Steak Perfection
SJ chefs dish on how to cook that number-one dish

SJ chefs can do amazing things with a steak, and meat lovers all around our towns wish they could too. We asked for some insider tips and tricks for making a magnificent steak, and our talented chefs happily shared their cooking wisdom. Get ready to make the steak of your dreams – cooked to perfection.

Choosing the perfect cut of meat

The amount of time a steak is aged will drastically change the taste. We carry prime cuts aged 21 days and choice cuts aged seven to 10 days. The best piece of meat you’ll ever have is a piece of Wagyu strip loin; it’s an Australian beef. The best thing you can do is ask somebody behind the counter to tell you what they can about the meat. The more room the cows have to graze and move around, the better that steak will be.

If you can, buy meat from cows that haven’t had steroids and antibiotics. A smaller animal produces steaks that are much more tender.  –  Mike Roth, Meat Cutter, Wegmans, Mount Laurel

The meat should be a vibrant red color. The very best cut really comes down to individual style and taste. My favorite for this season is a Delmonico. It has a great flavor profile and cooks relatively quickly, so I’m not chained to the grill.  – Jack Connor, Executive Chef, The Madison, Riverside

As a guy who sells steaks, I’m partial to the New York strip. Yes, fat adds to the flavor, but I like my steaks a little leaner. It should be about an inch thick – just a little wider than your thumb.  –  Pete Burgess, Owner, McFarlan’s Market, Merchantville

Distrito’s carne asada

Distrito’s carne asada

I look for marbling, and I tend to go for the rib eye since it has such a nice distribution of fat versus protein. That cut is always super tender. The rib eye to me is the perfect cut of steak, but I also love skirt steak. It has a good fat distribution and takes well to marinades and rubs. It’s my favorite cut for tacos.  –  Jose Garces, Chef and Owner, Distrito, Moorestown

You can base your choice on what you’re drinking. If you like a certain wine, pair your steak with that. Something dry like a cabernet should be served with fattier grilled meat, and a sweet merlot goes better with something leaner like a filet.  –  Rick Rutherford III, Executive Chef, Rio Station, Rio Grande

Find a very good butcher who can guide you through the different cuts of meat to find what you’re looking for and what you want to spend. Sometimes people just look for the reddest piece of meat, and that won’t be the best one.  –  Robert Cipollone, Chef/Owner, Tre Famiglia Ristorante, Haddonfield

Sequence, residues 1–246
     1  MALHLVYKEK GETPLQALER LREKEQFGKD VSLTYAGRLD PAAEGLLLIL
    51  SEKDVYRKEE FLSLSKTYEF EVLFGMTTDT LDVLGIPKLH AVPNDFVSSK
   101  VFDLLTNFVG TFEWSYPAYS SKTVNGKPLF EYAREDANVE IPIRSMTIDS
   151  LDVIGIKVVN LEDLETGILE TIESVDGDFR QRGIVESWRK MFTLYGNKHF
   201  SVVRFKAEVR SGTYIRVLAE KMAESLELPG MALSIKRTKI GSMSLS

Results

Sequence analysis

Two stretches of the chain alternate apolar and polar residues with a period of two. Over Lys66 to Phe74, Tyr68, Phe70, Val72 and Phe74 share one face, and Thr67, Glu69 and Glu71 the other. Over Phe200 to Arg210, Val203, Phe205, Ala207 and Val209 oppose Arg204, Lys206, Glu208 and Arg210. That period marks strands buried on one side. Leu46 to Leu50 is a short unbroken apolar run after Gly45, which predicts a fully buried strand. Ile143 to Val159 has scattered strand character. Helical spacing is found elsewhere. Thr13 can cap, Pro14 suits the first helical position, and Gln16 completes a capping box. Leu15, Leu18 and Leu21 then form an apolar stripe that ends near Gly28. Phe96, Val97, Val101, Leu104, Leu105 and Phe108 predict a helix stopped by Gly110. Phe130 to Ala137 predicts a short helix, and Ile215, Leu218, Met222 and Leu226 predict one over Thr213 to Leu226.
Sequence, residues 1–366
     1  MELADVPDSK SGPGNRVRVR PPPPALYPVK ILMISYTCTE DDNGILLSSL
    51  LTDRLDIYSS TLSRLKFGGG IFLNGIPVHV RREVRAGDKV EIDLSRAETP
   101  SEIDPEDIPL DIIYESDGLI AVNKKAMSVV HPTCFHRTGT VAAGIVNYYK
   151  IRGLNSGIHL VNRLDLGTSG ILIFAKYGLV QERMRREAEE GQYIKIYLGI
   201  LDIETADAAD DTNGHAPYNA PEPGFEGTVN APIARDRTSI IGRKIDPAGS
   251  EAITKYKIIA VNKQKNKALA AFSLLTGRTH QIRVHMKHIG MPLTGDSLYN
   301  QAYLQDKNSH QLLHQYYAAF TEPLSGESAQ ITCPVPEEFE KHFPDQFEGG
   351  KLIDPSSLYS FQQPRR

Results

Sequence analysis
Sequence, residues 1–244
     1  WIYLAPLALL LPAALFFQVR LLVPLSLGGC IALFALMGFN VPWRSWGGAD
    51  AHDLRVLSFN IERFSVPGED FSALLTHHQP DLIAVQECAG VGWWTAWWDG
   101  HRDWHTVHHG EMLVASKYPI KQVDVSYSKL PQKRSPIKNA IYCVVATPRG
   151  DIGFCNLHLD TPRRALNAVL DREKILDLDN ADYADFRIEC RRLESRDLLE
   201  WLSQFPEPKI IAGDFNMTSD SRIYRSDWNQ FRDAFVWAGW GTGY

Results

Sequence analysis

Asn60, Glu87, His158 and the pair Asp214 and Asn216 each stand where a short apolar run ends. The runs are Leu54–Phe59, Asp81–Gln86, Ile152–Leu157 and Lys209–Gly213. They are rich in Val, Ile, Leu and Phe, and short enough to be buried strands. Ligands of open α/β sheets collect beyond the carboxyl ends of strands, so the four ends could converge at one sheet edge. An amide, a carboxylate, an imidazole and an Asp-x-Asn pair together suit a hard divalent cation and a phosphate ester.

Look at marbling – the white fat that runs through the muscle. My favorite cut is the rib eye. I like the big pieces of fat, which give you a nice char on the outside. You want it to have not too much gristle, but plenty of marbling.  –  Jeff Michaud, Chef/Culinary Director, Osteria, Moorestown

Preparing the steak to be cooked

If you have a beautiful, 35-day aged prime Wagyu strip loin, I wouldn’t marinate it. But if you have a piece of choice sirloin, a marinade or dry rub would enhance the flavor. My go-to wet marinade combines dried red chiles, rosemary, freshly ground black pepper, honey, garlic and extra virgin olive oil. In terms of a dry rub, I use a mixture of kosher salt, freshly ground black pepper, cumin, onion powder, garlic powder and brown sugar.  –  Jose Garces

Take the steak out of the fridge, and let it come to room temperature. Never put it on the grill cold – that’s probably the most common thing people do wrong. You’ll end up cooking the outside and leaving the inside cold.  –  Pete Burgess

A true steak does not need marinade. Sometimes when you marinate, the steak becomes very salty, because you’re seasoning it twice. When you take it out of the refrigerator, brush it with some oil and simply season it with salt and fresh pepper.  –  Aniello Capuano, Executive Chef, Carlucci’s Waterfront, Mount Laurel

Flank steak, which is inexpensive, does very well with marinating because it’s not the best cut of meat. It also does well on the grill. Something like a London broil you may want to marinate. When you get into the nicer cuts, the sirloins, filets and rib eyes, it’s better not to marinate. The pieces of meat I’m using are very expensive, and I don’t want to camouflage that flavor.  –  Robert Cipollone

I don’t marinate. If you want to use some rosemary or a little garlic, that’s great, but for the most part I stick to salt and pepper. If you’re going to smother it in teriyaki sauce like my dad, no thank you.  –  Jeff Michaud

Cooking your steak to perfection